Clarice Mackie has seen this sort of thing before.
There was big talk about the 1996 Olympics revitalizing West End and other southwest Atlanta neighborhoods. But besides a few streetscape improvements, nothing happened.
Then, along came the Beltline. Mackie, a community activist and self-proclaimed "Grady baby," says city officials indicated the first leg of the 22-mile loop of parks and transit would be built just south of West End – that it would bring jobs, affordable housing and much needed development to the beleaguered area. But in August, the Atlanta Regional Commission, faced with a transportation funding shortfall, removed the western portion of the proposed transit loop from its list of recommended projects.
"We're looking forward to the same benefits of the Beltline down here, just as [people] are on the north side," Mackie says. "We just don't know if we'll see it."
Mackie and many of her neighbors are now worried that West End, Capitol View, Adair Park and other parts of the Beltline's southwest quadrant won't be a part of the party. Or more aptly, that they'll be packing their belongings just as the Beltline soiree gets underway.
"It's fatigue," says Deborah Scott, executive director of Georgia Stand-Up, a nonprofit think and "act" tank, speaking of the emotions expressed by some residents. "It's like, 'Here we go with another promise, we're going to get shuffled around again, and the city is going to be rebuilt – but without us.' There's a systemic mistrust. But it's incumbent upon the city, county, planners and community-based organizations to develop a better discourse."
Not only have doubts now been raised about what shape the Beltline will take in southwest Atlanta, but real estate speculation has been jacking up home prices since the project was announced a few years ago. And property taxes have followed. Predatory lending and the recent clampdown on credit are only making things worse.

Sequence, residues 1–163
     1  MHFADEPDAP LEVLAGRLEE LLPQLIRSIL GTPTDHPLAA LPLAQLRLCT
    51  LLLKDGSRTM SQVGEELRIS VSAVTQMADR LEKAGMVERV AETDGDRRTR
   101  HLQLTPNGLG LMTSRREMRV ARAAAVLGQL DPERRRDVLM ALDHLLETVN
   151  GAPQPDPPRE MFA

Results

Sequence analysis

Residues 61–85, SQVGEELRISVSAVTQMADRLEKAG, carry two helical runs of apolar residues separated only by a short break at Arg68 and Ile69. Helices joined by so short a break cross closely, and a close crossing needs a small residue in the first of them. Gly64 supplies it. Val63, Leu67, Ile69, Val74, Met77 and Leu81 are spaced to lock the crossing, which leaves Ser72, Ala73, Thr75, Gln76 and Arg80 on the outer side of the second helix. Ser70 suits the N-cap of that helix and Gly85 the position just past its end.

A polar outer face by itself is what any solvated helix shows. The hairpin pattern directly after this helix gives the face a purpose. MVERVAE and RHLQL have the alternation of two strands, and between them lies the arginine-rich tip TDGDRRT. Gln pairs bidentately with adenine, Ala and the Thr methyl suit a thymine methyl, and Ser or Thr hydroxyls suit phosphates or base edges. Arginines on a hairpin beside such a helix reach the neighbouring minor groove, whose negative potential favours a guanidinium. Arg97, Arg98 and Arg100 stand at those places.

Take a drive down Tift Avenue near Adair Park, and you'll find almost as many shuttered homes as you will occupied ones; just count the number of "for sale" signs and boarded-up homes throughout the neighborhoods. It's little surprise that West End's 30310 recently placed an unfortunate second on a CNN list of the nation's ZIP Codes hit hardest by foreclosures.
Many folks who've held on to their homes are straining. Beulah Colbert, a 40-year resident of Adair Park, was paying $368 in property taxes two years ago. She was floored by her most recent bill: $740. Speculators come knocking three to four times a month and offer to purchase her home, she says. She refuses to follow friends who take them up on the offer, saying she would "sit in the dark and eat cold beans if I have to because I'm not losing my home." But Colbert is setting aside an extra $50 each month because she expects her tax bills to continue to rise.
Mackie, who coordinates the Beltline Partnership's Southwest Beltline Study Group, says some speculators are snatching up properties two or three at a time, then flipping the homes, or demolishing them and erecting pricier ones in their place.